Mr. Sudhalter shows no lack of respect for anyone, except those narrow-minded jazz enthusiasts who refuse to consider the whole picture of jazz history.

'Lost Chords' just happens to cover the time frame in jazz that I really enjoy, so I was familiar with most of the musicians and music discussed. For those who aren't, I can recommend it as a way to appreciate where your choice of jazz came from, be it 50's jazz or 90's.

And by the last page, you may decide it's time to go buy some of the classic jazz in this book and decide for your yourself. (A companion CD is available, and I highly recommend it to anyone reading this book).
19 of 20 people found the following review helpful
More than you have any right to hope for... 3 Mar 2001
By Richard M. Rollo - Published on
Format: Hardcover Verified Purchase
Not a mere antidote to political correctness in jazz criticism; Lost Chords is a prewar cultural history, a lesson in music structure, a history of woodwind instruments, a guide to innovations in guitar tuning, AND MORE. It shows the musicians as human beings with all their failings, humor, drives, hard work, and talent. I especially loved the account of the bass sax --- an instrument that looks like it could double as a moonshine still --- and its usefulness in the early days of sound recording. Sudhalter admonishes us to listen to the music and to make up your own mind. Exactly right. A good place to start is Robert Parker's Bix Beiderbecke Great Original Performances 1924-1930 (available on Amazon) If you have ever heard an early 78 rpm record, you will be astonished at Parker's sound restoration.
17 of 18 people found the following review helpful
Just the facts 14 Feb 2003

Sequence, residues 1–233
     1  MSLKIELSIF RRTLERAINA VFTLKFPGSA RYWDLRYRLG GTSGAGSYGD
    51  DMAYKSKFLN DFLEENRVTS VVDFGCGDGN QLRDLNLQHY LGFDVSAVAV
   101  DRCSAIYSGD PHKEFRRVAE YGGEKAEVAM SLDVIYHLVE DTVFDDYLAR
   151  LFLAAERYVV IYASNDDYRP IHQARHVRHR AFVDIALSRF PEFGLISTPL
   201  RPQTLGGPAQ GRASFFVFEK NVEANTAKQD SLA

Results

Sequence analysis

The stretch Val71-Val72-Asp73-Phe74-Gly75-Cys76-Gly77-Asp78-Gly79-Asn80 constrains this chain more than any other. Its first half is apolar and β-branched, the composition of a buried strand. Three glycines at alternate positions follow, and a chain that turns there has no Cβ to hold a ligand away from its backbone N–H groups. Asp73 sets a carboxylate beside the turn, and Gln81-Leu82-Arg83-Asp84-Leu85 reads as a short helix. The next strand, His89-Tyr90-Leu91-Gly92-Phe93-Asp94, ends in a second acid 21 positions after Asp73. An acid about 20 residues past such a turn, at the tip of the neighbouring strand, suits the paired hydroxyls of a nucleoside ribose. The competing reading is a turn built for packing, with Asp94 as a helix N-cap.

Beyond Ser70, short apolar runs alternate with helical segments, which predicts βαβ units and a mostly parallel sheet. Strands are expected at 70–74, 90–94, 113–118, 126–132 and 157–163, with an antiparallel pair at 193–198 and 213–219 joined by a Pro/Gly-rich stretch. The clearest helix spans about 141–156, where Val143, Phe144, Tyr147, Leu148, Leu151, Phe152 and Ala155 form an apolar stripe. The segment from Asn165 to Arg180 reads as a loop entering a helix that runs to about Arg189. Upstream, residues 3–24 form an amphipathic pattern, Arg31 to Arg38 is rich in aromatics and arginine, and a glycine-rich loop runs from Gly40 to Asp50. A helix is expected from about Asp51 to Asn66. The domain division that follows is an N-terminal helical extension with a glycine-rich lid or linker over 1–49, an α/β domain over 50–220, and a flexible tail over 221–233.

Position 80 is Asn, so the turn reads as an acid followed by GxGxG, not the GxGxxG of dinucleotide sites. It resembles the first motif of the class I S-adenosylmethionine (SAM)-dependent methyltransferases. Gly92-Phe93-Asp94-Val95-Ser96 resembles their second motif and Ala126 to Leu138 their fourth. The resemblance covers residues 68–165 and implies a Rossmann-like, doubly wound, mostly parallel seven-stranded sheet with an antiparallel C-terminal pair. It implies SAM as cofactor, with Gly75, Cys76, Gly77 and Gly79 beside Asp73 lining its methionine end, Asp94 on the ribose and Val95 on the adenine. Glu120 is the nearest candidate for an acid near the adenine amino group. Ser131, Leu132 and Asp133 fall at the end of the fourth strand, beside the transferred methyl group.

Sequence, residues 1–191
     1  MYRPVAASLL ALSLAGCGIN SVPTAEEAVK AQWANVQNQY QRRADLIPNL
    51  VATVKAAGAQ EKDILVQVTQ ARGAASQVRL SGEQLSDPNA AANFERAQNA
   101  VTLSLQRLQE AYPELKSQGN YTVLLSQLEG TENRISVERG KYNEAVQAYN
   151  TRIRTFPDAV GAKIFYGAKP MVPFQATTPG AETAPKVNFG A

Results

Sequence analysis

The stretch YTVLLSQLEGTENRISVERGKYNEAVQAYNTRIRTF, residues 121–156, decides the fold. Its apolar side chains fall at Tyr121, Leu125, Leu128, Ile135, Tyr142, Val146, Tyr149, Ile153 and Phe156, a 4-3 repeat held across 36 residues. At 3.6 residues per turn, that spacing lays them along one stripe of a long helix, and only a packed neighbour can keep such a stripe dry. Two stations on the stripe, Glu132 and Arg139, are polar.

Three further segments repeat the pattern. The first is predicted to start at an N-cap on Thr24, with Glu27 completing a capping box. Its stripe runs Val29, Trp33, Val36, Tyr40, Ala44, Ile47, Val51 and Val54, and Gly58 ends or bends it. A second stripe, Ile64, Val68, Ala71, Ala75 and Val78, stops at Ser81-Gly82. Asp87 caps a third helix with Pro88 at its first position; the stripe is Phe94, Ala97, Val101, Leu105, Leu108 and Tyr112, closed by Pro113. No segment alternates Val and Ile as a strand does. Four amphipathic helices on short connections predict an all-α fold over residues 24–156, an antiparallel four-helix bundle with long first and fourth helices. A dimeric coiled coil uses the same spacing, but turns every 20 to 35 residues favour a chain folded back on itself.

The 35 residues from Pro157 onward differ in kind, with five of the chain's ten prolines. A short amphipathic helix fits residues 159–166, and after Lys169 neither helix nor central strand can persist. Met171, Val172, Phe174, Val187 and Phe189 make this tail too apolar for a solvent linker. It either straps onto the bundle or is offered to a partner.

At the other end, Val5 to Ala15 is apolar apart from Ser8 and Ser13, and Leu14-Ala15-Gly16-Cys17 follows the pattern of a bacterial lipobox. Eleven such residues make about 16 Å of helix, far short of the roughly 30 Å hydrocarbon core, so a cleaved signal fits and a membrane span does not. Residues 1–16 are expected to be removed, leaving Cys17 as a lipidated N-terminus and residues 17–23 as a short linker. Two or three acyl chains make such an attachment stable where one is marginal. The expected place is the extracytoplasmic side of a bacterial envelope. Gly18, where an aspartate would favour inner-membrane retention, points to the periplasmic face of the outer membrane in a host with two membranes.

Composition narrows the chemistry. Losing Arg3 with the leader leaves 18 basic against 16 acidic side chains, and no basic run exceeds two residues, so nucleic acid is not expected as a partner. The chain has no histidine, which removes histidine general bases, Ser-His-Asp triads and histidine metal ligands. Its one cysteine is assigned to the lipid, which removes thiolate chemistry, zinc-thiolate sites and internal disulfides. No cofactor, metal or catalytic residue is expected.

By Stephen J. Holroyd - Published on
Format: Hardcover
While a brilliant documentary, Burns' "Jazz" also reinforced the notion that jazz is exclusively an African-American artform. Fortunately, "Lost Chords" does much to blow away that misperception. While never belittling or downplaying the role of those African-American giants in jazz, this book does an outstanding job of profiling all of the individuals and bands who received short shrift from Burns: Steve Brown, who pretty much invented jazz bass playing; the Jean Goldkette Orchestra; Miff Mole; Frank Trumbauer; and may more. And he does so in a way that is both interesting to the casual fan (with anecdotes and such) and the hardened muso (excerpts of scores abound). A scholarly tome, this is a worthy addition for any jazz fan's library. I look forward to Volume II.
12 of 12 people found the following review helpful
Complete pleasure -- spins the reader back to his/her youth. 6 Jun 1999
By - Published on
Format: Hardcover
The infinite attention to detail makes this a must for the jazz fan of all ages, particularly to one who became a jazz fan before 16 in San Francisco, and had the pleasure of hearing my first big band at the '39 Fair in San Francisco: one never forgets hearing Goodman, alive - and how! for the first time. I am still in communication with friends from that period and I am going to insist they get a copy.